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Sunday, 25 March 2018

Review: Libby In The Middle

Bella, Libby and Grace are sisters. Their family moves to live closer to dad’s only sibling, rich Aunt Thecla. He hopes that she will be generous enough to pay for the girl’s’ education as they are struggling to make ends meet. Bella leaves behind her boyfriend Sam and her happy disposition. She becomes secretive; full of untruths and rebellious anger and spite. Grace is six and mommy’s girl, while Libby, the one with the most logic, is caught in the middle of it all.

It turns out that life in a small community isn’t exactly what they all expected. Although Mum is happy at her new dentist practice, dad seems uncomfortable returning to his past, which he left under a cloak of mystery and hasn’t spoken about to his children.

Secrets always have a way of trickling out – particularly in small communities. As the three curious girls try to adjust to their new life, they also lose no time in investigating snippets of conversations, and words dropped accidently on purpose around town, regarding their father’s younger years. With knowledge, questions arise. Answers are needed. The grey areas of dad’s life which were like a permanent mist, slowly clear, to reveal an understanding of the choices he made, and bring the family closer together.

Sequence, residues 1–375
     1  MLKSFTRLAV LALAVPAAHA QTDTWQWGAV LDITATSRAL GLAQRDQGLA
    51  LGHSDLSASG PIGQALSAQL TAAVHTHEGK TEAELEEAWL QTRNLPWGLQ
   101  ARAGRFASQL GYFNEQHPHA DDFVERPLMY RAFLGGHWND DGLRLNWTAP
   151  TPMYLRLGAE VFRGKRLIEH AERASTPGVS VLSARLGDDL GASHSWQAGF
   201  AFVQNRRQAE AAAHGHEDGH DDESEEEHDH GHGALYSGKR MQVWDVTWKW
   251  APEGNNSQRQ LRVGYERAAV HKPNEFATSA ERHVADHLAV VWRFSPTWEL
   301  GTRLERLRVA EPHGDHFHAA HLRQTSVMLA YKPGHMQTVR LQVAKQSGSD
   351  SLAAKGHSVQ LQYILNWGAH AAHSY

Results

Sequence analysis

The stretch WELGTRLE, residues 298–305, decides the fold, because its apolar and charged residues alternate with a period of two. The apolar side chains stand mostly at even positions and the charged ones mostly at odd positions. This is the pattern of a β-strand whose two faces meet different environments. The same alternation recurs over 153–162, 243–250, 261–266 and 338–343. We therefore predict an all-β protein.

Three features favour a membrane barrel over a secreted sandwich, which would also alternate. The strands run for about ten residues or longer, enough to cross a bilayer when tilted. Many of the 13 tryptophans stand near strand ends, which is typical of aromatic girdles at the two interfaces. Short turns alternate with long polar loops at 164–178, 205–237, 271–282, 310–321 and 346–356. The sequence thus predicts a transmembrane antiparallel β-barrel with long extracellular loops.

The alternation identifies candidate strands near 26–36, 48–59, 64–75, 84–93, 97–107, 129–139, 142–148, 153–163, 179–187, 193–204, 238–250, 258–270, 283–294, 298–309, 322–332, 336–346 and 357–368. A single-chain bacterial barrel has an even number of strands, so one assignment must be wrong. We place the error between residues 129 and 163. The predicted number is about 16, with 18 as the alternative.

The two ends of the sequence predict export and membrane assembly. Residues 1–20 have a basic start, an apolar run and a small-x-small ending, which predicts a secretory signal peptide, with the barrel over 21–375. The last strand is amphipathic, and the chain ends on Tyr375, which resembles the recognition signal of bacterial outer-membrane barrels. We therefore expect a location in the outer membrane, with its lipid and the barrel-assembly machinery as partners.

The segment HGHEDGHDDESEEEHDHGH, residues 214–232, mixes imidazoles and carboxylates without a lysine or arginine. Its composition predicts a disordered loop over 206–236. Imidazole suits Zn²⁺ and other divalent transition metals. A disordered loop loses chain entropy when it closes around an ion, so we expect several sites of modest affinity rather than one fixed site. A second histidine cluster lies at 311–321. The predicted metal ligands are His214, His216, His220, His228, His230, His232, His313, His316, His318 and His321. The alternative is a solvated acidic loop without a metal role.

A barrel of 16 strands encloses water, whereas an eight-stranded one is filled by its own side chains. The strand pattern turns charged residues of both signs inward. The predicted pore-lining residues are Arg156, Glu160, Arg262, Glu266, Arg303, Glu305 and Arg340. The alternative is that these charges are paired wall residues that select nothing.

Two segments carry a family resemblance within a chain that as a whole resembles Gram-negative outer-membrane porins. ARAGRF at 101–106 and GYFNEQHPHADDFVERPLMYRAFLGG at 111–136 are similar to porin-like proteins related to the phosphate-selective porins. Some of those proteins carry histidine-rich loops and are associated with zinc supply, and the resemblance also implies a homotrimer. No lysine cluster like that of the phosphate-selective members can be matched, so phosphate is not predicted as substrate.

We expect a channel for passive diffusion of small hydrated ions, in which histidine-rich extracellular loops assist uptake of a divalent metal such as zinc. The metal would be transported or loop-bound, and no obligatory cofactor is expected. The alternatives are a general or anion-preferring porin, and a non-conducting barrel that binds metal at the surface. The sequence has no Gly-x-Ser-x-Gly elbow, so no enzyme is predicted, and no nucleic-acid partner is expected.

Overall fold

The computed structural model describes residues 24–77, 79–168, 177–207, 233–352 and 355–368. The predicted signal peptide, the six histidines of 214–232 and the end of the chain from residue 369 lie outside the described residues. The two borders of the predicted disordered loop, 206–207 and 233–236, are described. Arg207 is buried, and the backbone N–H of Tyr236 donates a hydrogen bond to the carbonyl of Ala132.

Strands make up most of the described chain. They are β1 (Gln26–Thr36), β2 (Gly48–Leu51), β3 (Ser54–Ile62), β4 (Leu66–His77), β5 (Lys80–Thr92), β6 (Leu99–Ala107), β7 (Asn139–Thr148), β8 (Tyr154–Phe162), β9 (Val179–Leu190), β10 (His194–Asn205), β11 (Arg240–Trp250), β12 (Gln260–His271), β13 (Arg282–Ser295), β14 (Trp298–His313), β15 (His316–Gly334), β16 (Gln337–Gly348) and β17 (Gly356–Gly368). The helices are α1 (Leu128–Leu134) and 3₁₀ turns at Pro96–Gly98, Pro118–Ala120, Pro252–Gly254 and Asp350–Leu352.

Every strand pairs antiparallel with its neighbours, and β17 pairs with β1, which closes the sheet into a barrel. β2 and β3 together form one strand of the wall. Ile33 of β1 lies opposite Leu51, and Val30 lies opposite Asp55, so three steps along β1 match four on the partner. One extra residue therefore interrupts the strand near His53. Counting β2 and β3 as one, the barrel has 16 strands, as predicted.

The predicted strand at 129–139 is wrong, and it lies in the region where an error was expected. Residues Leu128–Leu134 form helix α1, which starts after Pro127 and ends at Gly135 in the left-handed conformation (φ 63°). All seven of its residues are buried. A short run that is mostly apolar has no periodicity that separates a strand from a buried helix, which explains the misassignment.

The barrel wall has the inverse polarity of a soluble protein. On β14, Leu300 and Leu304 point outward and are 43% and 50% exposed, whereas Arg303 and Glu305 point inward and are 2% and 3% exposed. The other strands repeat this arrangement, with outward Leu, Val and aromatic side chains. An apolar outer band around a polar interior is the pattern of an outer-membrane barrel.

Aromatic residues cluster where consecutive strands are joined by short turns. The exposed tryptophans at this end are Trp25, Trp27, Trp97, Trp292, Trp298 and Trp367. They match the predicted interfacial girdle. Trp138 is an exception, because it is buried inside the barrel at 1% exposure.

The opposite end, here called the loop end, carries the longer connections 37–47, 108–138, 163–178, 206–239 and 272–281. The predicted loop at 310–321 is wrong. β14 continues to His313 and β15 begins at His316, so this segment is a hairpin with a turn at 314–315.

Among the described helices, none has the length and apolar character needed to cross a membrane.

I particularly love the building of Aunt Thecla’s place in the story. The slow reveals show what she was before; the why and who of her past, and how other people’s actions changed the course of her life to mould her into all that she became.

She is a character full of wisdom and generosity of heart. Information about her closely guarded life is uncovered when unexpected happenings and appearances call back time, forcing buried issues to be confronted.

Many stories are played out in this absorbing and multi-layered novel about families, the secrets people keep, and the reasons and lengths we all go to in order to hide things we fear from those we love.

Themes of bullying and its effects on young people flow through the novel. How strongly the past is always anchored to the future is a pivotal point, and subtly addressed, is how necessary it is at times for children to share their parents’ past.

With brilliant prose and fantastic characters, Gwyneth Rees, a former doctor who worked with children and teenagers, writes intimately about adolescent angst. Her writing deserves to be explored further.

Title: Libby in the Middle
Author: Gwyneth Rees
Publisher: Bloomsbury
Publication Date: January 2018, $12.99
Format: Paperback
ISBN: 9781408852774
For ages: 10+
Type: Middle Fiction

 

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